impact, and significance of the research (if you use semi colons between items
in a list, you need to make sure the entire list is a complete sentence.)

Proposals that exceed the word count or that do not follow the format
described above will be automatically rejected.
Questions: Please contact the chairs David Ward ( and
Cindy Levine (

Sixth REFORMA National Conference (RNC6)

The Call for Proposals to present at the Sixth REFORMA National Conference (RNC6) taking place in San Juan, Puerto Rico on September 7-9, 2017 is now open!

The REFORMA National Conference VI Program Committee invites you to present your work with others international library community colleagues in San Juan, Puerto Rico on September 7-9, 2017. 

 The conference theme is “Building communities: saving lives”.  Remember that all proposals should reflect the conference theme.  Conference Program Committee will evaluate proposals for relevance to the theme, as well as clarity, originality, and timeliness.  

Proposals deadline: Friday, May 5, 2017.

For more information, please email to or

Credit-bearing Information Literacy Courses: Critical Approaches

Call for chapter proposals

Working title: Credit-bearing Information Literacy Courses: Critical Approaches

Critical librarianship understands the work of libraries and librarians to be fundamentally political and situated in systems of power and oppression. This approach requires that information literacy instruction expand its scope beyond straightforward demonstrations of tools and search mechanics and towards more in-depth conceptual work that asks questions about, among other things, the conditions of information production, presumptions of neutrality, and institutionalized oppression.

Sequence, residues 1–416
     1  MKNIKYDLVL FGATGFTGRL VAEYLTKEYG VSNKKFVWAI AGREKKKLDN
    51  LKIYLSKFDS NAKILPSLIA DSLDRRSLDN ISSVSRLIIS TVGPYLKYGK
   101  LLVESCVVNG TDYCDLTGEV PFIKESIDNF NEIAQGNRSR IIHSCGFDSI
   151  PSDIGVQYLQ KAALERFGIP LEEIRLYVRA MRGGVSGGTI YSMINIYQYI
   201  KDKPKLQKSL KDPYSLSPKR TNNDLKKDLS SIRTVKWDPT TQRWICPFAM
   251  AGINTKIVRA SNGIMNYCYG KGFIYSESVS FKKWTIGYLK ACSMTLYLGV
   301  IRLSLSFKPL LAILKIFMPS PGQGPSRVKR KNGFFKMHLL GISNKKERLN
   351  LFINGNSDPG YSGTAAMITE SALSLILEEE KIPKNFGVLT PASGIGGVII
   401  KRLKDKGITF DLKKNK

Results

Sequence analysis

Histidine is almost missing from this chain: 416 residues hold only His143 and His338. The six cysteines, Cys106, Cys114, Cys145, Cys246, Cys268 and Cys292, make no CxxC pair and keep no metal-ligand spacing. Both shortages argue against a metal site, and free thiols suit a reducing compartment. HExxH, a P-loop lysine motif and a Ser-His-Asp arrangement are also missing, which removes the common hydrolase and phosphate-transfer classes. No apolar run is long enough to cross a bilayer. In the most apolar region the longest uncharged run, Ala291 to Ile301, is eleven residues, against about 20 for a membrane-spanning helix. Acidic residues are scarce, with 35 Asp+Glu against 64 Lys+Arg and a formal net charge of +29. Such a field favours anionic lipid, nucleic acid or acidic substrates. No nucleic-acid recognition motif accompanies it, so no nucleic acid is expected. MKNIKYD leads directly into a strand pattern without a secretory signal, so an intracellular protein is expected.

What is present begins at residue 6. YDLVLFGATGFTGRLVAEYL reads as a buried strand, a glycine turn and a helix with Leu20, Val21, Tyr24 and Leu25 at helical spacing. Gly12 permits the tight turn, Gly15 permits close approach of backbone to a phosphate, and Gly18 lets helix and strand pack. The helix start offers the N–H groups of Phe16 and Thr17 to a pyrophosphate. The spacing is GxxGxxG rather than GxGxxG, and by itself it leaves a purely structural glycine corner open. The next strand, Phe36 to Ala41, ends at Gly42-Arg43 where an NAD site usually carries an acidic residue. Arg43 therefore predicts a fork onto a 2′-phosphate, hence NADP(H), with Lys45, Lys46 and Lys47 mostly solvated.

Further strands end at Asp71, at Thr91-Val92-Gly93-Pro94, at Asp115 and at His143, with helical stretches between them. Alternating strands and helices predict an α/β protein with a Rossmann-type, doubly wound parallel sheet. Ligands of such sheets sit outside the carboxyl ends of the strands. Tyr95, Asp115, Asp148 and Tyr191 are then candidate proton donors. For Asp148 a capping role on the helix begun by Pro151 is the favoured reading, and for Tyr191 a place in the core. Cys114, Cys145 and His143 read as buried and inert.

The goal of this book is to examine those critical approaches specifically in the context of credit-bearing courses. This will be useful to librarians who have struggled to find literature and case studies that directly address the unique features of teaching a credit-bearing course, including course and lesson planning, designing formative and summative assessment measures that address course-level learning outcomes, and building rapport with students.

Contributed chapters will discuss some of the ways these concepts have been developed, implemented, and assessed in various course contexts. Those who teach information literacy courses draw from many influences, including (but not limited to) literacy studies, social justice work, and sociological and anthropological approaches. This book will highlight the diversity of possibilities for implementing a critical approach to teaching information literacy in credit-bearing courses.